26. Alternatively, for some criminal offences (and, in particular, for some of the most serious and those which do not generate victims likely to complain to the police), rather than wait for a possible victim, the police will target either an offence or a suspected offender. By way of example, large scale supply of Class A drugs may well be detected because of some intelligence leading to surveillance and the development of evidence in that way. Police resources may well be devoted to target serious criminal activity without waiting for the crime to be committed. Inthis type of case, however, again, evidence will be followed up, collated and researched in the same way.
27. Whatever might have drawn the attention of the police either to the crime or the alleged criminal, many of the same investigative techniques will be deployed in order to bring those guilty of crime before the courts. Thus, during the course ofan investigation for an indictable offence, a search warrant or search warrants can be obtained (for the UK, see s. 8 et seq. of the Police and Criminal Evidence Act 1984; there are undoubtedly equivalent powers in Australia). The potential relevant evidence is then seized.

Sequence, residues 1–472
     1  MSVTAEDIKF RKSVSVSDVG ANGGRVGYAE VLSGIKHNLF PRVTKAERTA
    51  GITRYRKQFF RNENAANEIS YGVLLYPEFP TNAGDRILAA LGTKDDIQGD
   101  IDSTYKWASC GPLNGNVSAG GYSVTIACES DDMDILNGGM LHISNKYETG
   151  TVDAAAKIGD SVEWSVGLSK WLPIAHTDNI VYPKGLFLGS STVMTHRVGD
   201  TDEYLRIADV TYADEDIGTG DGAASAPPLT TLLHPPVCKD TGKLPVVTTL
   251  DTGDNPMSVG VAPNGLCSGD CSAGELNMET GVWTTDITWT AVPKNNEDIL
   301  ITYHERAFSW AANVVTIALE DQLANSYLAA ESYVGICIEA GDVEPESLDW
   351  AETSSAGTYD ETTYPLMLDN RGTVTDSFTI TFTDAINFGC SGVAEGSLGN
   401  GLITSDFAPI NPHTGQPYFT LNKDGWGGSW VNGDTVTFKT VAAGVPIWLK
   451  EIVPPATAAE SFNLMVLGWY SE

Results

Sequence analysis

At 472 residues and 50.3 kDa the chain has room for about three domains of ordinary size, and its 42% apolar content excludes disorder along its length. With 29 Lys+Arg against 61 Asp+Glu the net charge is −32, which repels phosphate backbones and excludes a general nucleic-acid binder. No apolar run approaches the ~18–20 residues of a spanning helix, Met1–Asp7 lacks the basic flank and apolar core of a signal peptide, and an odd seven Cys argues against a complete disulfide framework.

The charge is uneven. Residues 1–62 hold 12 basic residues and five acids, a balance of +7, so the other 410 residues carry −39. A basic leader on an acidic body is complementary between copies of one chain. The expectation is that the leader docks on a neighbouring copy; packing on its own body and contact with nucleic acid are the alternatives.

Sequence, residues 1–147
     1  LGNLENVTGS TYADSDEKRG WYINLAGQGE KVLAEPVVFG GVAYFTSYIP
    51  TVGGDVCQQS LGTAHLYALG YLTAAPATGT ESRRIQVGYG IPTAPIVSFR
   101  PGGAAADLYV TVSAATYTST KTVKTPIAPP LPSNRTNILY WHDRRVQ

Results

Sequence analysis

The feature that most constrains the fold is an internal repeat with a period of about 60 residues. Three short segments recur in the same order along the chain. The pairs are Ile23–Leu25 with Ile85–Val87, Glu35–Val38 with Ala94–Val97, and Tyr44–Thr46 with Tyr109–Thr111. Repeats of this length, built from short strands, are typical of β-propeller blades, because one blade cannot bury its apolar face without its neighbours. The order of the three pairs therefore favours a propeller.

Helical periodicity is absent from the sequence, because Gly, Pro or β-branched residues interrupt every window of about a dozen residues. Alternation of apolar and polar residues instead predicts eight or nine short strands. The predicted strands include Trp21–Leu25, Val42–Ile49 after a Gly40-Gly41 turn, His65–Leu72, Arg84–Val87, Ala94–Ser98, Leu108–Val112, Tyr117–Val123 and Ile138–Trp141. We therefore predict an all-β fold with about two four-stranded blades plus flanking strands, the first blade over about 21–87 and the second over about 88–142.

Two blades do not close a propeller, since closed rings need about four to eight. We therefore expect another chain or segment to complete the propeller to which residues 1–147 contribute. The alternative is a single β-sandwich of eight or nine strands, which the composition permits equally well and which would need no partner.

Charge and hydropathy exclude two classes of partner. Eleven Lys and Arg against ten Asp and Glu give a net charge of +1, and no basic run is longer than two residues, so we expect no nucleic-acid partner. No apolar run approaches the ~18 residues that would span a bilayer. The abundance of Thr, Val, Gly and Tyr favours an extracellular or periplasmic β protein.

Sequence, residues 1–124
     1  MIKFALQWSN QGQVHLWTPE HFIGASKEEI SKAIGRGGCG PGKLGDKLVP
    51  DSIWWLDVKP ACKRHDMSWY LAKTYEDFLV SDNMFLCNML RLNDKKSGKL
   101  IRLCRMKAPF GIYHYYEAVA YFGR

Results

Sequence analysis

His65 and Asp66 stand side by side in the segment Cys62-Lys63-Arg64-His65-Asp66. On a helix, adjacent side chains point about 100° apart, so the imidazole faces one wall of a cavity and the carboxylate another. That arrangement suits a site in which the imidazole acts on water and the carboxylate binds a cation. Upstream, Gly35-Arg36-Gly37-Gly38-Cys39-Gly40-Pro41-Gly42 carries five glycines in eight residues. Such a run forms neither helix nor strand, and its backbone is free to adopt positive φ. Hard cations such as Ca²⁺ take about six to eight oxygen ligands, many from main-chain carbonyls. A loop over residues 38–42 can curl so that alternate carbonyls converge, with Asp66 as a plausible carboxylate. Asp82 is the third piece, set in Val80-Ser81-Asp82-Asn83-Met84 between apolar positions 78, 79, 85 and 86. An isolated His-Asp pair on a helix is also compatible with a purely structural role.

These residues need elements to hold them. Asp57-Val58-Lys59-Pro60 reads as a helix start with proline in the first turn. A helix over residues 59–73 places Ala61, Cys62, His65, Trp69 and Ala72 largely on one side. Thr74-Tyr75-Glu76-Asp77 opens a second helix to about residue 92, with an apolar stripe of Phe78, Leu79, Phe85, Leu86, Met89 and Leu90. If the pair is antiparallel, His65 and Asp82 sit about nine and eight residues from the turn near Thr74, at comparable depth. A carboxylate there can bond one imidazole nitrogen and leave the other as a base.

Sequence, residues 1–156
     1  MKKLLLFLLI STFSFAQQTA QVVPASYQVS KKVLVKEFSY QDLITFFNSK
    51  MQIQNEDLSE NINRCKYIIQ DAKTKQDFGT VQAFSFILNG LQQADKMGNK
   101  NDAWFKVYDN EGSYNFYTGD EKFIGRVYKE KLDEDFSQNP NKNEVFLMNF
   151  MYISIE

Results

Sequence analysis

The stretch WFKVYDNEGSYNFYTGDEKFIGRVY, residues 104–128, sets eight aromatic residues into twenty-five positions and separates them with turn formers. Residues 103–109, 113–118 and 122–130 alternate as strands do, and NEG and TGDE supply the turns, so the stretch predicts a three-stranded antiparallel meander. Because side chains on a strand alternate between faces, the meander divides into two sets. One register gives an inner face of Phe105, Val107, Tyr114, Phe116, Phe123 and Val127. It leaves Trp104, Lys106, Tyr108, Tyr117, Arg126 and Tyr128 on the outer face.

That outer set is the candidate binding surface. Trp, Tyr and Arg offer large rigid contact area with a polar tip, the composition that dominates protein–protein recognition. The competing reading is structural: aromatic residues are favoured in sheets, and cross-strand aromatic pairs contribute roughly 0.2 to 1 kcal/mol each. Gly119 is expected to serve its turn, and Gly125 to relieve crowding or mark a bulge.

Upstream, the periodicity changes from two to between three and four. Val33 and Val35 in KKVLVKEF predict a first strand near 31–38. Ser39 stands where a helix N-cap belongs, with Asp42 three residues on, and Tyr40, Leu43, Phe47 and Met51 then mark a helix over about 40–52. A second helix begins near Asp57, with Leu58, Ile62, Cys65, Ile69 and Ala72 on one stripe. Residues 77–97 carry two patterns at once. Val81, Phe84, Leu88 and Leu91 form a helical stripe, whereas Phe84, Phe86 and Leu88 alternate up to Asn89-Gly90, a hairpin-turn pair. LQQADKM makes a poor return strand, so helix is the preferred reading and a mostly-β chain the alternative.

28. Assuming reasonable grounds can be established for the commission of an indictable offence, a suspect may be arrested and once lawfully on premises being searched, the police can seize anything in plain view which the officer has reasonable grounds for believing has been obtained in consequence of the commission of an offence (to prevent it being lost damaged, altered or destroyed) and anything which the officer has reasonable grounds for believing constitutes evidence in relation to an offence being investigated or any other offence: see s. 19 of the 1984 Act; this, again, is likely to be commonplace although perhaps expressed in different terms. These searches may reveal further evidence. When it comes to journalistic material, however, in the UK, there are very important restrictions to these powers and limits on how far the police can go.
29. This summary of the process is important. It underlines the vital importance of what constitutes the trigger for a police investigation. In the first case, it was the complaint of the victim or other knowledge that a crime had been committed. Inthe second, it was the intelligence or suspicion that crime was in train, thereby leading to a pro-active investigation of the principal suspects. On any showing, something had to start the investigative ball rolling.